The key to making money with junk bonds is to diversify across industries. That’s because failing companies are often concentrated in problem industries.
Investors should diversify across many ‘asset classes’. One of these asset classes, of course, is fixed-income investments, such as bonds. The trouble is, with interest rates so low or even negative on foreign long-term bonds, they hold little appeal for most investors.
Recently, we’ve heard observers say that the solution to low interest rates is to buy junk bonds (also referred to by the better-sounding term ‘high-yield’ bonds). Junk bonds are company bonds that are rated below investment grade by credit-rating agencies. Moody’s Investors Service, for example, rates these corporate bonds at less than BBB- (provided they’re rated at all). Rating agencies such as Standard & Poor’s and Fitch Ratings have similar rating systems.
In fairness, not all junk bonds are junk. Some small firms, for example, are very creditworthy. But because they’re small, the bond-rating agencies often give them below-investment-grade credit ratings.
Junk bonds are often very profitable
Junk bonds are often very profitable investments. Typically, they’re much more profitable than ‘investment grade’ corporate bonds. The only time junk bonds are less profitable is during financial crises or recessions. At that point, companies with too much debt can default or go bankrupt.
The only thing is, junk bonds behave more like stocks than they do bonds. As a result, they do little to diversify your portfolio by asset class. Contrary to popular belief, buying junk bonds doesn’t increase the percentage of fixed-income holdings in your portfolio. Instead, it effectively increases the percentage in stocks.
Junk bonds march to their own beat
The prices of investment-grade bonds, of course, respond mostly to interest rates. When interest rates rise, bond prices fall. When interest rates fall, by contrast, bond prices rise.
Junk bonds, however, respond little to changes in interest rates or the typically higher interest rates they pay. What matters most to a junk bond’s price is changes in the financial conditions of the company that issued the bonds. If the issuing company improves, its junk bond can rise dramatically in price and produce big capital gains. That’s because of the rising likelihood that the company will continue to pay the high interest rates on its debt. The fact is, junk bonds trade more on a company’s credit-worthiness as opposed to the level of interest rates. This is similar to stocks which can also soar if the company that issued the shares improves.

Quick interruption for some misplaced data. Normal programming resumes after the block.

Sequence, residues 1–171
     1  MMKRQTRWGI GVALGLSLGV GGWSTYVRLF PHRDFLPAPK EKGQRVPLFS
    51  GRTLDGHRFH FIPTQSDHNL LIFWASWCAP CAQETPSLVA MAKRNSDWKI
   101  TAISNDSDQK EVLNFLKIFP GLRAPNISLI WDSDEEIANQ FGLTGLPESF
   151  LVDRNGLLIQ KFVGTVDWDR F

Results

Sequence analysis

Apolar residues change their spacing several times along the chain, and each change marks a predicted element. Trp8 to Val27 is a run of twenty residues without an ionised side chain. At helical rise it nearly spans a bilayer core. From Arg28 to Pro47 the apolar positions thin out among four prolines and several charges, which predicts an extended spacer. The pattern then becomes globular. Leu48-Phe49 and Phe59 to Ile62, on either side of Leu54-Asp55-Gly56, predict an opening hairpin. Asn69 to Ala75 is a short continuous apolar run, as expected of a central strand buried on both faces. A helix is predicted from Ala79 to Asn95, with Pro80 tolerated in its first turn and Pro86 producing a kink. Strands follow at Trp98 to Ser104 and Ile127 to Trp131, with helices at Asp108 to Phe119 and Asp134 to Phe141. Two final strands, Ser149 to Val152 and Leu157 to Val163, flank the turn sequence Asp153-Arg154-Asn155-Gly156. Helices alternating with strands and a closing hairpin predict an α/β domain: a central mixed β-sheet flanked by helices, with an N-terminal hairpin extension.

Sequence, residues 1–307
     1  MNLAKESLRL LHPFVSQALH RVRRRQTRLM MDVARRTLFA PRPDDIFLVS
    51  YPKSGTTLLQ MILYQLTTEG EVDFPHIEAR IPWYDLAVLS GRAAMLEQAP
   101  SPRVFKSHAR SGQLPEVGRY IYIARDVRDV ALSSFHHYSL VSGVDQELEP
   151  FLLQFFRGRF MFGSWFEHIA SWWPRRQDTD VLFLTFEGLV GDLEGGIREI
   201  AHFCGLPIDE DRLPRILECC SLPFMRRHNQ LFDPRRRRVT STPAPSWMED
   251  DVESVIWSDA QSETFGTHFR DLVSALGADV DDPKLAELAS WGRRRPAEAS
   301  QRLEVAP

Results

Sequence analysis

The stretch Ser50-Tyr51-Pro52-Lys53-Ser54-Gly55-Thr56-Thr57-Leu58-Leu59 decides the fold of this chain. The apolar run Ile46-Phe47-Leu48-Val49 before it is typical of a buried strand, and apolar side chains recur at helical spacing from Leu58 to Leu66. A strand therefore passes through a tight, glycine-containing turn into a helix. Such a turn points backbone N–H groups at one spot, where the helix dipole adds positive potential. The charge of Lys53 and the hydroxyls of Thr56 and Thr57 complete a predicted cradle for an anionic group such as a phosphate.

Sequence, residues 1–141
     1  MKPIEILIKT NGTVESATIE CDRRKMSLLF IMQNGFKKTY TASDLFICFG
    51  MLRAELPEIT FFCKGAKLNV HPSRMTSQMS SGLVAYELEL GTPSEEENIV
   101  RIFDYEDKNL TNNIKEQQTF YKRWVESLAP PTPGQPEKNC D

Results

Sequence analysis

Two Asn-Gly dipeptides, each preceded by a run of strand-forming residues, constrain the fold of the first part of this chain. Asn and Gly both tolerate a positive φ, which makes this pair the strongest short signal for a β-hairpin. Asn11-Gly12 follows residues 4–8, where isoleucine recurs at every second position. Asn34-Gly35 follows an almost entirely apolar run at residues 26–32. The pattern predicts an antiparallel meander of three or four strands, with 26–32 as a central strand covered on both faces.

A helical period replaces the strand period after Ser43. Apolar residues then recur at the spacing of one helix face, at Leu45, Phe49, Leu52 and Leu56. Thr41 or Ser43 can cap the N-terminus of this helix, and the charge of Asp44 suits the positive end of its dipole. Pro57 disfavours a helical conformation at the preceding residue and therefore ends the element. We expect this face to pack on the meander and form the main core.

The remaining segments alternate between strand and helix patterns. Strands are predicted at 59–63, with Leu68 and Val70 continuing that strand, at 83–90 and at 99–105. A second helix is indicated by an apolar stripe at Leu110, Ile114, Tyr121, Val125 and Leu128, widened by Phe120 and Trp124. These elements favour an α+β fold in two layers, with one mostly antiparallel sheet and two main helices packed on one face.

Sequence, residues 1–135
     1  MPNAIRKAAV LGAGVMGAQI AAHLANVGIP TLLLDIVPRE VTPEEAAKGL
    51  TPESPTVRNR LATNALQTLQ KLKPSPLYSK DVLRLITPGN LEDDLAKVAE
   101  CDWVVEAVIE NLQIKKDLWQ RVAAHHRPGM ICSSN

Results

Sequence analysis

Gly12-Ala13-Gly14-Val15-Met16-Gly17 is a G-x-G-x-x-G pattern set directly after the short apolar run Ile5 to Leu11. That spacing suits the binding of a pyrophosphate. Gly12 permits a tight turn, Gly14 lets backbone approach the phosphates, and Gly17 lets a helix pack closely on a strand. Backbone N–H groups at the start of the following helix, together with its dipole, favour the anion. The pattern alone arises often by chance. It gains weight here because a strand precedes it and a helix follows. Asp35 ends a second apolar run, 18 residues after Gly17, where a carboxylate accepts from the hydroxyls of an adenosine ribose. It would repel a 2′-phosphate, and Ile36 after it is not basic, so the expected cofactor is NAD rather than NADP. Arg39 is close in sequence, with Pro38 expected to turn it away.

In short, you might decide to profit with junk bonds. Just remember that instead of increasing the proportion of fixed-income investments, you’re actually increasing your stock-like investments.
Profiting in junk bonds
The key to making money with junk bonds is to diversify. Obviously, you should limit your exposure to any given company. Less obvious is the need to diversify across industries. That’s because failing companies are often concentrated in problem industries. A good example is oil and gas service companies since the oil prices plunged.
In order to diversify properly, we recommend you buy units in a mutual fund that, in turn, buys junk bonds. It’s better to buy a mutual fund that holds lots of US bonds. That’s because the US junk bond market is the largest in the world. This means you can diversify by company and industry.
The Canadian market lacks this diversity. For one thing, many of our important industries are tied to resources, with commodity prices that rise and fall at the same time, based on the strength of the world economy. For another, bonds issued by other important industries like banking aren’t, of course, junk bonds.
You must also have a high tolerance for risk. That’s because junk bonds offer a roller-coaster ride. A bad year for junk bonds, for example, was in the recession of 1990. A record US$17.8 billion in defaults caused junk bonds to lose seven per cent. Then, the next year, junk bonds soared 41 per cent.
To profit, therefore, you should buy a mutual fund that specializes in junk bonds. You’ll also need nerves of steel.
This is an edited version of an article that was originally published for subscribers in the November 1, 2019, issue of The Investment Reporter. You can profit from the award-winning advice subscribers receive regularly in The Investment Reporter.
The Investment Reporter, MPL Communications Inc.
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